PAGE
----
10 quick notes to design polished Metro Apps

I went to a UX workshop recently for Windows 8 and thought it would be cool to share my notes and take-aways from the event.

Besides a few tips and concepts, I have also added a few things I think are important to keep in mind when designing your application so you don’t run into and road blocks down the track.

And just remember, these are just some quick notes and things to keep in mind and I may have doubled up on a few items in other posts, sorry about that

1. Skeuomorphism is out.

I have written about this before so I won’t dwell, but your application is running on a screen, its digital, its pixels on a surface. Let’s leverage it and see it for what it really is. We are moving past the need to make users comfortable by making UI’s look realistic and familiar. We are well into the digital age now.

Examples of Skeuomorphic design

2. Type Ramp

There is a suggested type ramp for your Metro Apps and follow it will provide a consistent flow for all the type in your app.

These are the sizes I use, and I think they are pretty close to Microsoft’s recommendation. This is just a guide though, use your best judgement.

Check out this type ramp post for more info 

3. Fonts

Segoe is Metro. This font family has been designed for use in metro applications. It’s clear, clean and doesn’t muck around.

It’s suggested the only time you move away from this font family is to meet branding guidelines. There are some concessions around these though, for example, if you make a eBook/Reading application, you can use a Cambria or Calibri. Calibri is also suggested to be used when creating a writting app.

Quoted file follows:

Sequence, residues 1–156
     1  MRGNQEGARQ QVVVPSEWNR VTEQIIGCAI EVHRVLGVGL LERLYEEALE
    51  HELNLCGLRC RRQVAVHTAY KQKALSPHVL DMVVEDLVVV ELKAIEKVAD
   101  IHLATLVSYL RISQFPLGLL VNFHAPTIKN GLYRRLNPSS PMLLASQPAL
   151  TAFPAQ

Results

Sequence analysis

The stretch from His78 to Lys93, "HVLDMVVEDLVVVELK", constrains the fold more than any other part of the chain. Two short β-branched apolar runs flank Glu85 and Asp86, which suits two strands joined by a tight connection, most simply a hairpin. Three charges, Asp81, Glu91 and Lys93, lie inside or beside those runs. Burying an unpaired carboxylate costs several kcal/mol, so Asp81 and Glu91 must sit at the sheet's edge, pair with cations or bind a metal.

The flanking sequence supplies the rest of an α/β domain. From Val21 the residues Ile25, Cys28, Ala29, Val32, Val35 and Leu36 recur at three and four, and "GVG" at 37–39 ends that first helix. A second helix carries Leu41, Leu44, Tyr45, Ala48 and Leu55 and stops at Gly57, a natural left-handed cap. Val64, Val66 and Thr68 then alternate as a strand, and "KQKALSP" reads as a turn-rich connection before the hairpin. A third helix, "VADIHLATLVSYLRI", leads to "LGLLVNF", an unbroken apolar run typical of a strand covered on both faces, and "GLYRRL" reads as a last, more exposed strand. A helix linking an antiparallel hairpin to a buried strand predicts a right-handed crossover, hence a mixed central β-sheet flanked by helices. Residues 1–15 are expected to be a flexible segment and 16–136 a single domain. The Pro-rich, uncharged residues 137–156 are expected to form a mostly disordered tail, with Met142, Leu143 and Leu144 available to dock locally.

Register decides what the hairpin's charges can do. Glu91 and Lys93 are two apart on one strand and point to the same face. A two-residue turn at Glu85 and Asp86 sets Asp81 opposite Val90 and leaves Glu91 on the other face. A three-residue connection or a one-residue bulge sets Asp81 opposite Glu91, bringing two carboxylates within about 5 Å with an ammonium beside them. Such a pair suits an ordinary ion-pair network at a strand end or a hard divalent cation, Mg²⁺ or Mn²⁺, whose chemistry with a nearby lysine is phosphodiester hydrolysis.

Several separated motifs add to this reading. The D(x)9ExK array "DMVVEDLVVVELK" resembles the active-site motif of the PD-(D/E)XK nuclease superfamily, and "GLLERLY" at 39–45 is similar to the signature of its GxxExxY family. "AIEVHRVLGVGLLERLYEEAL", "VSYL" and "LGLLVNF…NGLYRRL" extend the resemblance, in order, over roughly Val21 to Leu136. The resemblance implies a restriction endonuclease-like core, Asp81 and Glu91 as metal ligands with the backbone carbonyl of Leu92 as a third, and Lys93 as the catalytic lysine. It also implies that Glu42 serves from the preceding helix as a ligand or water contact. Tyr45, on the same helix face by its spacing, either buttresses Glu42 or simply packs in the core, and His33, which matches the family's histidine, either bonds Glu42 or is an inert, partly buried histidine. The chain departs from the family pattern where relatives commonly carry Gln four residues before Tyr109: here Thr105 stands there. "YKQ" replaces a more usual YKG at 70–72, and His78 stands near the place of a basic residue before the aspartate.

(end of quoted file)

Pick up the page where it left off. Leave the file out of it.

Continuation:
4. Grids

Designing your app on a grid is one of the most important parts of making a really polished Metro app. Make sure all your elements line up to the pixel.

A good trick is to set up a custom grid in photoshop when designing your app. You can do this by going to View > Show > Grid to turn on the grid, and then change its measurments by going to Edit > Preferences > Guides, Grids & Slices.

Set your Grid settings to:

Grideline Every: 20 Pixels
Subdivisions: 4

This will make make nice 20 pixel boxes with 5px sub divisions to work with.

5. Designing for touch 

Windows 8 and Windows Phone are very focused on touch as being a main point of interaction. There are a few things to keep in mind to support this.

7mm is the perfect size for touch targets

Uncritical items can be smaller.

Make sure padding between items is no less than 10px.

Visual feedback for items is really important for touch because you lose the haptic feedback you get from a physical keyboard. Use animations to show that buttons have been pressed and items have been interacted with.

6. Panoramas

Panoramas are a long list of items, intended to show off your app. Make sure they contain a few feature items that people might be interested in and then allow the user to dig deeper into the app to find/refine the content.

7. Semantic Zoom